Showery weather will dominate the north of the country today and in the coming days, meanwhile the south remains bright and dry ahead of Hurricane Helene.
For the next couple of days the nation will maintain this divide in weather as cloud streams in across northern sections of the UK, whilst others breakdown closer to the south.
Weather reporter Matt Terry told BBC Breakfast viewers: “We’ve got some rain around many northern and western areas and for a time this morning it could be a little heavy, so for some a damp commute.”
On Friday morning it will feel noticeably cooler in Northern Ireland, western Scotland and the north west of England, where most of the outbreaks of rain will be.
However, in the south in places such as London, Plymouth and St Helier it is going to be a lot drier.
Especially for central, southern parts of the country, where it will be particularly sunny at times.
But during Friday afternoon further clouds will develop across Northern England, Wales and possibly in the midlands too.
There is also the chance of some showers, although most of the rain will be on-an-off during the afternoon.
Meanwhile, temperatures are going to be manageable, with the coldest conditions in the north starting at 11 degrees Celsius and the warmest in London with 19 degrees Celsius.
This evening rain across Northern Ireland, southern Scotland and Northern England should become light and patchy.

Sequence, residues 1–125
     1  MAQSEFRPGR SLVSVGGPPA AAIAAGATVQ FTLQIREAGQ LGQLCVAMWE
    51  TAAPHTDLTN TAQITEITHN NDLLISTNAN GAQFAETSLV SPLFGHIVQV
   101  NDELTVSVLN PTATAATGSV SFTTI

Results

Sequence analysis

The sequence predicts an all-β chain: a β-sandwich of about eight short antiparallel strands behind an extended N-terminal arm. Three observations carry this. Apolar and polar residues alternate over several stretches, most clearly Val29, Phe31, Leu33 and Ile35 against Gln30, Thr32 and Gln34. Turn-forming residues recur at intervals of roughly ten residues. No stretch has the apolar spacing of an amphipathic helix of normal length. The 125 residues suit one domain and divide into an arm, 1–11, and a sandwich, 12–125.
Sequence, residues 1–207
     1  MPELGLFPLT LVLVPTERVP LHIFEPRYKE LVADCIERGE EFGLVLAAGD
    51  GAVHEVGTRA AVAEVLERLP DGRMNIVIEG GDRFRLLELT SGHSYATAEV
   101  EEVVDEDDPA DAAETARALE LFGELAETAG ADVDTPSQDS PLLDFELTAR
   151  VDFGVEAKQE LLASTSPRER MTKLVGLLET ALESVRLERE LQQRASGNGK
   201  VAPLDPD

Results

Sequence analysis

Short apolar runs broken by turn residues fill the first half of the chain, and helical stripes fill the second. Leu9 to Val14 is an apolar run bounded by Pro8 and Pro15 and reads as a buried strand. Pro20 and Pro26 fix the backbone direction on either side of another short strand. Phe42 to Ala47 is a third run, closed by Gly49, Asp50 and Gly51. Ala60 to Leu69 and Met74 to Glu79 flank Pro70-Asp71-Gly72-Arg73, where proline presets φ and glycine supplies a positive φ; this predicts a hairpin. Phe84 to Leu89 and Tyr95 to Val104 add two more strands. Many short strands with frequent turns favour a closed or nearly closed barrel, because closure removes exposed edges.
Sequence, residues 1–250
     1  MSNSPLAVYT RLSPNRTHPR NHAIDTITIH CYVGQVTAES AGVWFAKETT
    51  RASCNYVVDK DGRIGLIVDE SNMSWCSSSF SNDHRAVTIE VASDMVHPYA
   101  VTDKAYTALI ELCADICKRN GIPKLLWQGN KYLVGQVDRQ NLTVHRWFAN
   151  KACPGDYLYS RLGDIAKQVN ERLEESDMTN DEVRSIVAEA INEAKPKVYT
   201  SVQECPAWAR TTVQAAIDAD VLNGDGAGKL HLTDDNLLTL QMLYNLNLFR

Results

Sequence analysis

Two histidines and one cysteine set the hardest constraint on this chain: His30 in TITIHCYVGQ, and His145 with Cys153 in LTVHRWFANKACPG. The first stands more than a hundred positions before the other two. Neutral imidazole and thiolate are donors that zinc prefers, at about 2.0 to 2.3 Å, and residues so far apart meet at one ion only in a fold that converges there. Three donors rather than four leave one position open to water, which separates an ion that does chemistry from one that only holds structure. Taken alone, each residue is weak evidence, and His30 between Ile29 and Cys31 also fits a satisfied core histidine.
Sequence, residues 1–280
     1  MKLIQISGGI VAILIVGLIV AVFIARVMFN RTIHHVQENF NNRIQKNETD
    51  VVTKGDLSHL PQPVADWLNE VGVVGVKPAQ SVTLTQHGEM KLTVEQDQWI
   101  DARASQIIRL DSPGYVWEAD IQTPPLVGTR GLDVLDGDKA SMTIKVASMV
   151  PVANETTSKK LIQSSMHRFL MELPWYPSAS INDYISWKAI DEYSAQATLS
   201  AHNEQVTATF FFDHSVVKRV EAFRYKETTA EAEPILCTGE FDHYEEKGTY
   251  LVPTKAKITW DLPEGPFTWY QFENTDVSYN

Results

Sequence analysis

Then overnight and into Saturday an area of high pressure will start to build up near the south.
What that will mean is drier weather for southern parts of the UK, as well as some sunshine for central areas and even eastern Scotland.
Unfortunately, in the north-west another weather front will push its way in, therefore forecasters expect rain in this part of the country.
Nevertheless, temperatures are going to rise later in the day with London likely to top 21 degrees Celsius.
Bookmaker Coral has cut the odds on this month going on to be the wettest September on record to 6-4 (from 2-1) with the threat of storms in the remainder of the month looming over the UK.
Spokesman Harry Aitkenhead said: “It hasn’t been the worst start to autumn by any stretch but we’ve seen some significant rain and there’s a feeling that storms could well arrive sooner rather than later.
“This could leave this month with every chance of ending a record-breaking one for rainfall.”
The firm also has odds of 8-1 that this winter goes on to be the coldest in history.
“Every winter prompts a flurry of customers betting on it breaking all manner of records, and whilst it will no doubt be a cold one it’s still a long shot to be the coldest we’ve ever seen,” Harry added.
BBC Breakfast airs weekdays at 6am on BBC One.